(5 September 2017) In recent years there has been an increasing interest in how evaluation systems and resource allocation models affect research. A central question is how an increased focus on performance that is quantifiable affects researchers’ practices and priorities. A number of documented and possible effects have been identified on a more general level (de Rijcke et al., 2016), but empirical studies of how bibliometric is used in evaluating individuals are few. Assessment at the individual level is difficult to study empirically. As a result, previous discussions were based primarily on individual examples and anecdotes. At the same time, this use of indicators is particularly important for individual careers as employment and research funding are at stake.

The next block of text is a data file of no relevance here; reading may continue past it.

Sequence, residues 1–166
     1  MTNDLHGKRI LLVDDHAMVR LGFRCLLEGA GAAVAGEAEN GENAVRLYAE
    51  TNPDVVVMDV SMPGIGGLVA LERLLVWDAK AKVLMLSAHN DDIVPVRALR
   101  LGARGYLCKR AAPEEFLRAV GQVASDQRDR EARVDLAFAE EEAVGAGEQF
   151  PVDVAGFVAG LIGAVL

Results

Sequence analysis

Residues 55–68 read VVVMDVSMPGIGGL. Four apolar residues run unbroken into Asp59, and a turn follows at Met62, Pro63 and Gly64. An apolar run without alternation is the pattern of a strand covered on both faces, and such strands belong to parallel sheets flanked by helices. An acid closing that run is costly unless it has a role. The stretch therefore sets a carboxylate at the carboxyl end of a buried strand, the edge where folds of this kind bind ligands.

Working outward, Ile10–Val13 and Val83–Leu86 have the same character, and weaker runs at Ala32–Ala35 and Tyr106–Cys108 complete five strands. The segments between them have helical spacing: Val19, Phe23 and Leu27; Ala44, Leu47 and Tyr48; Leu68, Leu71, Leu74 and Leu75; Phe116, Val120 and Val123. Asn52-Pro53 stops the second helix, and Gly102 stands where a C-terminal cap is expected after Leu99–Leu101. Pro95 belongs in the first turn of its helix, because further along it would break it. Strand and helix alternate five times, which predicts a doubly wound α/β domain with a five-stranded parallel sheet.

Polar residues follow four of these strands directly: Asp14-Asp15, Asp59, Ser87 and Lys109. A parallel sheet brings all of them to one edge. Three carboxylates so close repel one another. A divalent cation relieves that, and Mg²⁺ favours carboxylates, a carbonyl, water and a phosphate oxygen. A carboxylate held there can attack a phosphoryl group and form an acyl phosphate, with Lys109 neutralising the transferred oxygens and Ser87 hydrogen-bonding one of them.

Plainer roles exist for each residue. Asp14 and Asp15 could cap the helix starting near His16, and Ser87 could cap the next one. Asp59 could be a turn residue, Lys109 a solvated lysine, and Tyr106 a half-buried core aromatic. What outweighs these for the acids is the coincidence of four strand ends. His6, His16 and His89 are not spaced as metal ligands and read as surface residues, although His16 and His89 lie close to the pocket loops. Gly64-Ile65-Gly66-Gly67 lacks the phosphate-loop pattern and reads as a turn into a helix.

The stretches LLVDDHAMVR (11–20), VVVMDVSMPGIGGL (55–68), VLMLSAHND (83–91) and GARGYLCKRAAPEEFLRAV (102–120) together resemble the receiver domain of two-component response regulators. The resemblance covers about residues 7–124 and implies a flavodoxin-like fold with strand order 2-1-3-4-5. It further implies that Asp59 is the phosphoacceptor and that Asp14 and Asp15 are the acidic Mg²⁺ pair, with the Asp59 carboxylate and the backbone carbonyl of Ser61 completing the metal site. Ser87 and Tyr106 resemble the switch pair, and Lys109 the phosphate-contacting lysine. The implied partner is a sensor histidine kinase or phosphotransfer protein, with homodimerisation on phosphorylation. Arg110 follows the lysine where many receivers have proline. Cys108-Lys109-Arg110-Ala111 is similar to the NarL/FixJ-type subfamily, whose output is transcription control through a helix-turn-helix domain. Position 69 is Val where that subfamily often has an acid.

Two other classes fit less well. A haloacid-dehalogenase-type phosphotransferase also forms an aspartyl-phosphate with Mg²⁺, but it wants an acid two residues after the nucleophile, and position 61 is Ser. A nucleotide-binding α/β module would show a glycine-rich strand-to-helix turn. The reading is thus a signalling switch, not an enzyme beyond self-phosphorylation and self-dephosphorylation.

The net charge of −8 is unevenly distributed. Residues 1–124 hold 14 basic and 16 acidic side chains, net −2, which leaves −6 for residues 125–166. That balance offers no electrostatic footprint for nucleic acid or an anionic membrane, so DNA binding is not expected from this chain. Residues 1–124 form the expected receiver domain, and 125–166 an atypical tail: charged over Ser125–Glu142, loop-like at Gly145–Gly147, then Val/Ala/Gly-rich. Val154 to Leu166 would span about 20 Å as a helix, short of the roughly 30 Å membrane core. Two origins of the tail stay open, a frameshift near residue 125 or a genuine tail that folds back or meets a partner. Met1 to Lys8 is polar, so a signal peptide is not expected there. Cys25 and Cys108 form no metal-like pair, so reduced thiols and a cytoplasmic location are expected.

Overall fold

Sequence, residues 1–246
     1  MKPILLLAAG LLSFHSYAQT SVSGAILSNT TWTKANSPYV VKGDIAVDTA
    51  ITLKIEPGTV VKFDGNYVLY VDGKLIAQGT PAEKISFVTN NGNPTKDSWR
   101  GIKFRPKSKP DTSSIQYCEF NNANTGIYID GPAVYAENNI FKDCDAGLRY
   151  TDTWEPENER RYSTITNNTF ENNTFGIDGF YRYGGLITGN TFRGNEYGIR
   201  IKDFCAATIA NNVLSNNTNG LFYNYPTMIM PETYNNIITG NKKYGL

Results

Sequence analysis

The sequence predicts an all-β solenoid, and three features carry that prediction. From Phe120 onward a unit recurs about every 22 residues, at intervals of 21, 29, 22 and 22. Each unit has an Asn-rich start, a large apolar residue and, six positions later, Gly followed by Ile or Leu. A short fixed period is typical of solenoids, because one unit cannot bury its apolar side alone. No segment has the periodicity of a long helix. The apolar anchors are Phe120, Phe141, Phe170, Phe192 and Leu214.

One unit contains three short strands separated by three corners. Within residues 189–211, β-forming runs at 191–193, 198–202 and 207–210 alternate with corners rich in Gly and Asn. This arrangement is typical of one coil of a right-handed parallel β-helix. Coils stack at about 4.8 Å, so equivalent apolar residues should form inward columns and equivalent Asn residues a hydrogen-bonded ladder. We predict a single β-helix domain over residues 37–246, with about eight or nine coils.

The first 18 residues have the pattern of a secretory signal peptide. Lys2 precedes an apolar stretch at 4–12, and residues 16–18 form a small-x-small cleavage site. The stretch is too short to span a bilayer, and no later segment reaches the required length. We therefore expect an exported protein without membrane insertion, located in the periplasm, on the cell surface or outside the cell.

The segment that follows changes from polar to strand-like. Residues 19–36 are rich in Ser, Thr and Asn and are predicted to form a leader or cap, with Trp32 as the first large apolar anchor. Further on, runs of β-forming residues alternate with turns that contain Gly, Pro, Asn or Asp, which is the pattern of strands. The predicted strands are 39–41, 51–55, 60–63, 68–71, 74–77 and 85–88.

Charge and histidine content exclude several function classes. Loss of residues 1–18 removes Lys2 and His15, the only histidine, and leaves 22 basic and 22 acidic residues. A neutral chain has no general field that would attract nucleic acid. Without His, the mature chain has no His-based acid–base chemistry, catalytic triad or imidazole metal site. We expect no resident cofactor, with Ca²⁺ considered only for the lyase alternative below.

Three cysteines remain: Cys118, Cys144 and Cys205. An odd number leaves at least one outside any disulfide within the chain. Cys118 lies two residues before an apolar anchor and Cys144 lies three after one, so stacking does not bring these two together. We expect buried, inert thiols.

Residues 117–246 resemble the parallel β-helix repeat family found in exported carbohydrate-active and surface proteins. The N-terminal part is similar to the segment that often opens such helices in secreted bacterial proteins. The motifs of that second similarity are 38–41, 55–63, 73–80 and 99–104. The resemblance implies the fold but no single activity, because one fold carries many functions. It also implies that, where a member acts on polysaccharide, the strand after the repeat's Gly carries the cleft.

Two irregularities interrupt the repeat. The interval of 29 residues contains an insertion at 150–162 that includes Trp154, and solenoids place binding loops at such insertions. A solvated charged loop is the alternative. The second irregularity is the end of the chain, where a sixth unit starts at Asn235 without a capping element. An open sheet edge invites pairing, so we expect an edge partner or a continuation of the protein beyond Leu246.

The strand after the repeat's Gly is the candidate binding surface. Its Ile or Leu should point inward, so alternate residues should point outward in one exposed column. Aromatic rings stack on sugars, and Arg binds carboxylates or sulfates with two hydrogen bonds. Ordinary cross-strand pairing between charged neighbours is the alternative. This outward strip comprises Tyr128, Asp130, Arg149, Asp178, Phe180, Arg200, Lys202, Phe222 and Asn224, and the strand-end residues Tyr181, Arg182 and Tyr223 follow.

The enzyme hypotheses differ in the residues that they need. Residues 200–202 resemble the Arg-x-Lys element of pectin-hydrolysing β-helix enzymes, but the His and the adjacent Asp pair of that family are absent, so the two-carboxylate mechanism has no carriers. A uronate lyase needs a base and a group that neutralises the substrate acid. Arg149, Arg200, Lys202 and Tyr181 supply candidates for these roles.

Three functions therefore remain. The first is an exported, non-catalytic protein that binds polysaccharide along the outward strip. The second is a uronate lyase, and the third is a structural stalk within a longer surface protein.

In their paper, Indicators as judgment devices (Hammarfelt and Rushforth, 2017) the authors draw on 188 referee reports in which independent reviewers rank candidates for lectureships and professorships in biomedicine and economics. This material allows the authors to study how indicators and journal rankings are used to make judgments on – and differentiate between – candidates.